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Building a Culture of Life

By Mary Deutscher



Former convent serves as centre for living without ‘garbage’

Last year was a rough year. Between the legalization of euthanasia and efforts to change policies that protect conscience rights, I’ve been feeling like I have spent too much time in this column describing attacks on the culture of life, and not enough time describing our continuing efforts to build a culture of life. So you can imagine my joy when one day, in casual conversation, I came across something beautiful: the Leipzig Serenity Retreat.

Feeling in need of a retreat after months of staring at my computer, I decided to reward myself with a day trip to see the retreat centre for myself. Initially, all I knew about it was that a group of people in Leipzig, Sask. had restored an old convent one room at a time to welcome people into the alcoholics anonymous 12-step program. This simple description did not prepare me for the beautiful home that greeted me when I arrived one sunny afternoon in September.

The brick building that now houses the retreat centre was originally the convent of the Sisters of Notre Dame, who served Leipzig and the surrounding area as schoolteachers. It was built in 1927, but fell into disrepair after the sisters left in 1969. When restoration of the building began in 2008, the rooms were filled with garbage and debris, but the walls were still as sturdy as ever.

It took the labour of many hands to transform the building into more than just a shelter for the people who come through its doors. After years of work, each room now provides a warm, healing environment, far from the sterile spaces of city life.

As I walked through the old convent, I was struck by how much the building’s history reflected the lives of the people who now came to it for healing. As I am sure most people with even a passing knowledge of Alcoholics Anonymous (AA) are aware, people who enter into the 12-step program begin by stripping away all the extra baggage they have brought with them.

Their first steps are to admit that they have no control over alcohol, and to turn their lives over to a greater power. This seems to perfectly mirror the experience of the people who renovated the Leipzig Serenity Retreat: as they stripped the building down, they had to rely on something greater than any individual worker to reveal the beauty of their sacred space.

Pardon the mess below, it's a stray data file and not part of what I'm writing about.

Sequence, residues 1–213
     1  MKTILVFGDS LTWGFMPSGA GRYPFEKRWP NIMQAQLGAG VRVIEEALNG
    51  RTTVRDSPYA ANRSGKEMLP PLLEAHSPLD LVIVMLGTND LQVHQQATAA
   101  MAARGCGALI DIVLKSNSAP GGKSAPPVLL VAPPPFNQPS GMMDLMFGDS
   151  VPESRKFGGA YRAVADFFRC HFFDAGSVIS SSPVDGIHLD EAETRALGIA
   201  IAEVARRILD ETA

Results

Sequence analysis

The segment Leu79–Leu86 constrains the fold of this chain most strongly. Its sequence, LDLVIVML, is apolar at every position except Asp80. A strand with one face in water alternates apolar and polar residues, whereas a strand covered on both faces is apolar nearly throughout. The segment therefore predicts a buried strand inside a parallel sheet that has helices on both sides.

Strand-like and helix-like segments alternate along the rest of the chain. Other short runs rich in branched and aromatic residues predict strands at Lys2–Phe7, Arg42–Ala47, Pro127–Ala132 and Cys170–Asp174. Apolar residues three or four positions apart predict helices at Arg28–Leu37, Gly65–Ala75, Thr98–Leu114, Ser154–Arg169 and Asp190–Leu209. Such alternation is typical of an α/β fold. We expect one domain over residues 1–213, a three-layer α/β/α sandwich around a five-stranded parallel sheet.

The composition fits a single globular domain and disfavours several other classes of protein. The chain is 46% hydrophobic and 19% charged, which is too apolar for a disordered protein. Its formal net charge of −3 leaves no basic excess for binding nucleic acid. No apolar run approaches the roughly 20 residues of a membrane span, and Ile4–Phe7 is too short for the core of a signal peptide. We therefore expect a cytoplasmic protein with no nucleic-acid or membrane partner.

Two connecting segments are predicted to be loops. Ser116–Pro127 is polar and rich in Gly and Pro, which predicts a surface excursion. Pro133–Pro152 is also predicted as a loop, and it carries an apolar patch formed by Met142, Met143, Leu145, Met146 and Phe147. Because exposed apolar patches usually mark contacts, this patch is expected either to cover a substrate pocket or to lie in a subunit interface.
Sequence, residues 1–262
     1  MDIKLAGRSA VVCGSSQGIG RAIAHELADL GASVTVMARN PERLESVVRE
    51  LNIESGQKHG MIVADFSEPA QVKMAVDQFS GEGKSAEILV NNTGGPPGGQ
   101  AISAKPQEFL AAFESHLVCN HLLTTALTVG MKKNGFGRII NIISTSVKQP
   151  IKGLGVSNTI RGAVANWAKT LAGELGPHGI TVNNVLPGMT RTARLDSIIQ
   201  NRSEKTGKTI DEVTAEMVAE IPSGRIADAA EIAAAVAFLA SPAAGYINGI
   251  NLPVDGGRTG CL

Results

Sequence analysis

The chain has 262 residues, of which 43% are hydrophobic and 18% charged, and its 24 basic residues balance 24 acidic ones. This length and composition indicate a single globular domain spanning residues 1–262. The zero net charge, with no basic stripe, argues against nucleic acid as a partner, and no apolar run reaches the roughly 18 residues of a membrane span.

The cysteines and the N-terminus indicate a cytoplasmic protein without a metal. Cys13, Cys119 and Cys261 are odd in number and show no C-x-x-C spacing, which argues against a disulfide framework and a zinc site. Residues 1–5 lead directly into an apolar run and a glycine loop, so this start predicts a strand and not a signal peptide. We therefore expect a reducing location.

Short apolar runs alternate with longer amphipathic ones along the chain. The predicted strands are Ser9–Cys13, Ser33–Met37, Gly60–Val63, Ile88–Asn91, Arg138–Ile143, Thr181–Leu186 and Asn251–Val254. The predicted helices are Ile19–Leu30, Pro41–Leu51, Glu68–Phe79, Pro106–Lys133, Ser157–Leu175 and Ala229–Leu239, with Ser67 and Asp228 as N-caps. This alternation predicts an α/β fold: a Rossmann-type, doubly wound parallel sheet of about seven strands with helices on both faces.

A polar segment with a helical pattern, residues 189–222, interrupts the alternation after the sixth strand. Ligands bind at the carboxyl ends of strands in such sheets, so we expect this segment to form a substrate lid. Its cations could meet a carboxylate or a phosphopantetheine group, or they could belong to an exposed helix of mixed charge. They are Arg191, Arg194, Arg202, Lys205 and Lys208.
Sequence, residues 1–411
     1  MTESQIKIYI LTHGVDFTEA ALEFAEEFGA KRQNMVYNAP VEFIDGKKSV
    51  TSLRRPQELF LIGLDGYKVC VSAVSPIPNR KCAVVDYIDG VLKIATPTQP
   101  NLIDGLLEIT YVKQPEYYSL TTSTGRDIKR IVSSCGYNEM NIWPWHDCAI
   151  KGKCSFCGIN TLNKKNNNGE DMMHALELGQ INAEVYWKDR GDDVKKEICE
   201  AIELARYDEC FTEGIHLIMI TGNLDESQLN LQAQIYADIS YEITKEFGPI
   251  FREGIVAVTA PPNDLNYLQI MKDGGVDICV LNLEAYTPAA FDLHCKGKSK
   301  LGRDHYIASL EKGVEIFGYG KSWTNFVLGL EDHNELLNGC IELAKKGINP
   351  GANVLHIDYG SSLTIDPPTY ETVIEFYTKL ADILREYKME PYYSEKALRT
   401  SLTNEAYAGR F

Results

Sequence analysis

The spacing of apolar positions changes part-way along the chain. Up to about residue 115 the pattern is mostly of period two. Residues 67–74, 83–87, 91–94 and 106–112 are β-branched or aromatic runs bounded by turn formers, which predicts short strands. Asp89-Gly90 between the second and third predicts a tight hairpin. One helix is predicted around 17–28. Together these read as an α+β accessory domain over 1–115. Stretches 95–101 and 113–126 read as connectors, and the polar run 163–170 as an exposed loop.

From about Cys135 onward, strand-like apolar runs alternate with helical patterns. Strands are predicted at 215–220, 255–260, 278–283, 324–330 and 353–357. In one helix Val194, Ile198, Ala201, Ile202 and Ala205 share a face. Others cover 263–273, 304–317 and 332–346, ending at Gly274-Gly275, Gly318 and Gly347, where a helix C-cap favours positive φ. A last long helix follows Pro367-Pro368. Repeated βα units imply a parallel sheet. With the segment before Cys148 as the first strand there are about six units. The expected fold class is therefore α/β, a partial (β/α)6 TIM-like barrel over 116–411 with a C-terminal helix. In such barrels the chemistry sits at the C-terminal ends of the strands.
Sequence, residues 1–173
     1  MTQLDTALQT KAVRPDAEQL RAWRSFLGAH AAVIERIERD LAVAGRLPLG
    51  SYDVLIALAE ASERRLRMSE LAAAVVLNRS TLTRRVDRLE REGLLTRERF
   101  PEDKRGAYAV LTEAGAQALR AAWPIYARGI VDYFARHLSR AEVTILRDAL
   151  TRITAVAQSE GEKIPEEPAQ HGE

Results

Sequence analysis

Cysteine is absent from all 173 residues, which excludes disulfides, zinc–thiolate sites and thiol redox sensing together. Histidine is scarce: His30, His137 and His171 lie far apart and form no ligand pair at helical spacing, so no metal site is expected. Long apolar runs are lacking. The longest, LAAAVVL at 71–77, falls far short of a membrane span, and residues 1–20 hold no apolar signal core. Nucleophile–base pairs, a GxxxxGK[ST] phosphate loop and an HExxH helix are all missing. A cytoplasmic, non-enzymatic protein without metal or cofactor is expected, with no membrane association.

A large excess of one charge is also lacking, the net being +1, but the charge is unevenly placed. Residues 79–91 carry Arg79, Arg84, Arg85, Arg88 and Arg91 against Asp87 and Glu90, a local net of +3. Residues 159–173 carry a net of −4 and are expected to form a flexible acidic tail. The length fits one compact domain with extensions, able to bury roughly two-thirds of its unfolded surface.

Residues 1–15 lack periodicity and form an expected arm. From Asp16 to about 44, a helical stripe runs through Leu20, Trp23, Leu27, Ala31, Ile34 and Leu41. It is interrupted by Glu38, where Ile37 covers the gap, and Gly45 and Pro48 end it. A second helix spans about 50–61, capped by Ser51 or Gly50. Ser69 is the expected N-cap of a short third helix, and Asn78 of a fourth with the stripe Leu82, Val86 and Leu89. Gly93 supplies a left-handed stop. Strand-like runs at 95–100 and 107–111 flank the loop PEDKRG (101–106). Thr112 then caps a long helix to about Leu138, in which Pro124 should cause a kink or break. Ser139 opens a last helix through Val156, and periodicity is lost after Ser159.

I had studied the 12-step program before, but as it was being described during my tour of Leipzig, I was struck by just how much the program demands complete honesty from anyone who comes near it. Every person who goes through this program must be stripped bare before they can begin the task of opening themselves up to life once again.

Much of our world’s heartache is a result of how good we have becoming at lying to ourselves. Humans have always been great at convincing ourselves that we are in complete control, but there is a growing trend today not only to tell ourselves this lie, but also to demand that others reinforce the lie for us.

The 12-step program breaks free of this pattern. It empowers individuals to see who they truly are, to love this person, and to re-enter the world. This is a rare gift that many people will go their entire lives trying to find. But the amazing thing is that once someone is able to tap into this type of honesty, they are able to bring it back out into the world.

I once had a friend tell me that she appreciated speaking with priests and sisters because they were so honest with themselves that it was impossible to hide from herself when she was talking to them. I believe this friend had hit on the great value of self-awareness. It impacts much more than just the self-aware person, serving as a lighthouse for anyone who wishes to find the truth.

During my visit I learned that since the beginning of its restoration in 2008, the Leipzig Serenity Retreat has helped more than 300 people on their road to recovery from drug and alcohol addictions. That’s over 300 people who have come to accept and value themselves despite the message the world is sending them. If they can bring even a fraction of their peace beyond the boarders of Leipzig, just imagine how they could change our world.

The Leipzig Serenity Retreat is a beacon of hope that is a source of inspiration for anyone who is working to build the culture of life. Our world is crying out for something more than individualism and autonomy can provide.

Self-awareness about our place in creation is the first step to reclaiming our world for life.

Deutscher holds an MA in Public Ethics from St. Paul University in Ottawa. She is currently pursuing a PhD in Public Policy at the University of Saskatchewan.